Microsoft, Google, Amazon, others, aim for royalty-free video codecs


Microsoft, Google, Mozilla, Cisco, Intel, Netflix, and Amazon today launched a new consortium, the Alliance for Open Media. The group plans to develop next-generation media formats—including audio and still images, but with video as the top priority—and deliver them as royalty-free open source, suitable for both commercial and noncommercial content. The issue of patent licenses and royalties continues to plague the video industry. While H.264/AVC video had relatively cheap licensing, it looks as if its successor, H.265/HEVC, is going to be considerably more expensive . Organizations that derive significant income from patent royalties and IP licensing weren’t happy with the low-cost model used for H.264, and so are pushing back. This is a great threat to open source and non-commercial streaming, which has no obvious way to pay the royalties. The HEVC royalty structure would even threaten the viability of commercial streamers such as Netflix. The Alliance for Open Media would put an end to this problem. The group’s first aim is to produce a video codec that’s a meaningful improvement on HEVC. Many of the members already have their own work on next-generation codecs; Cisco has Thor , Mozilla has been working on Daala , and Google on VP9 and VP10. Daala and Thor are both also under consideration by the IETF’s netvc working group, which is similarly trying to assemble a royalty-free video codec. Read 4 remaining paragraphs | Comments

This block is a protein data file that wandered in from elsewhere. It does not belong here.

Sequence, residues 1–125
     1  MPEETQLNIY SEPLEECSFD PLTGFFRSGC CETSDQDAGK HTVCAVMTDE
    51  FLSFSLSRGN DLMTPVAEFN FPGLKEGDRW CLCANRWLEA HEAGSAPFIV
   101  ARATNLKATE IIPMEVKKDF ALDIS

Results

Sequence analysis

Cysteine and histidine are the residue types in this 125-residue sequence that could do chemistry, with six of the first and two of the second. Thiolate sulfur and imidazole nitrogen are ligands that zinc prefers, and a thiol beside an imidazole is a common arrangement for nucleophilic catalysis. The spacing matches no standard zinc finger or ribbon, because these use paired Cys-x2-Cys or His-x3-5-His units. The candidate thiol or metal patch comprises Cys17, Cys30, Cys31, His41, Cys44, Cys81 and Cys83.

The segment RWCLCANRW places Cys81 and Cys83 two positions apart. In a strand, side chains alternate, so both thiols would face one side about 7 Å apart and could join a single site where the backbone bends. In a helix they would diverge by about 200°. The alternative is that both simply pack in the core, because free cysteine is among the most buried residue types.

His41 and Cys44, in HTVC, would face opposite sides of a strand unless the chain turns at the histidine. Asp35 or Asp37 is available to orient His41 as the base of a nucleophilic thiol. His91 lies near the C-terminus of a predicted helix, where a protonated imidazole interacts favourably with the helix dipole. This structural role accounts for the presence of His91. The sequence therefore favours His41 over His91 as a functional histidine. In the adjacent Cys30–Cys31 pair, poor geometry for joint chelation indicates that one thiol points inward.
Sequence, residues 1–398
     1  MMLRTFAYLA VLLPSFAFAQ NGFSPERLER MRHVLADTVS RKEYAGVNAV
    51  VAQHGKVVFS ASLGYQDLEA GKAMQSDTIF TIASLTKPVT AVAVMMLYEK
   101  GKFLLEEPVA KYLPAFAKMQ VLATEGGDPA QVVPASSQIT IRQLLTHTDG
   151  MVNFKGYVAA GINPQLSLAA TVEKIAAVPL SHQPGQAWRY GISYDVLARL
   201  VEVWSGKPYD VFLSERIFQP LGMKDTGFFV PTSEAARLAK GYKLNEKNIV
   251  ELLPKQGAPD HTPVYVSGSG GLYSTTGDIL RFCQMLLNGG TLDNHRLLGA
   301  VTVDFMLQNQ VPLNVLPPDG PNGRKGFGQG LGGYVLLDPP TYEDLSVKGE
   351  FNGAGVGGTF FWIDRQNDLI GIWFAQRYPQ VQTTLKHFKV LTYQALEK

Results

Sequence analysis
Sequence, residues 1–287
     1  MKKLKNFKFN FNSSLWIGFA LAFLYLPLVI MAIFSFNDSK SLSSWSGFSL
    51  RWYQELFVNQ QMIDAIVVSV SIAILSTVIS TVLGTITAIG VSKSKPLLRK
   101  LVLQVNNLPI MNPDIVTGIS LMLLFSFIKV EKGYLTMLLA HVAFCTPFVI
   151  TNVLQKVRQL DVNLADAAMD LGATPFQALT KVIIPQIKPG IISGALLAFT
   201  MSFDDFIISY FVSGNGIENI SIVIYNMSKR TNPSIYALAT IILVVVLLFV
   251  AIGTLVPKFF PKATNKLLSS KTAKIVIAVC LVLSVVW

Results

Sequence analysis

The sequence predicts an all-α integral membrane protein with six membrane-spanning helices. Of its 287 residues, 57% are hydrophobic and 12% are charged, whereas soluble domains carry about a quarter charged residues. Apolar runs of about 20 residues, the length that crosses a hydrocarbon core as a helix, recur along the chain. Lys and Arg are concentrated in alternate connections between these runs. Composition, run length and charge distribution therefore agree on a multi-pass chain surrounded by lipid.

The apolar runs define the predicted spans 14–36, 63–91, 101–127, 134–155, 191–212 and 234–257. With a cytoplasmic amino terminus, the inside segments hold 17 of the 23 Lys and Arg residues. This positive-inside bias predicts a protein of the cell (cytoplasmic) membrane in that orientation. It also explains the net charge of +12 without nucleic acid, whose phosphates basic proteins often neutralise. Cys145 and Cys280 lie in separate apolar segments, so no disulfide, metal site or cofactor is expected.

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Microsoft, Google, Amazon, others, aim for royalty-free video codecs


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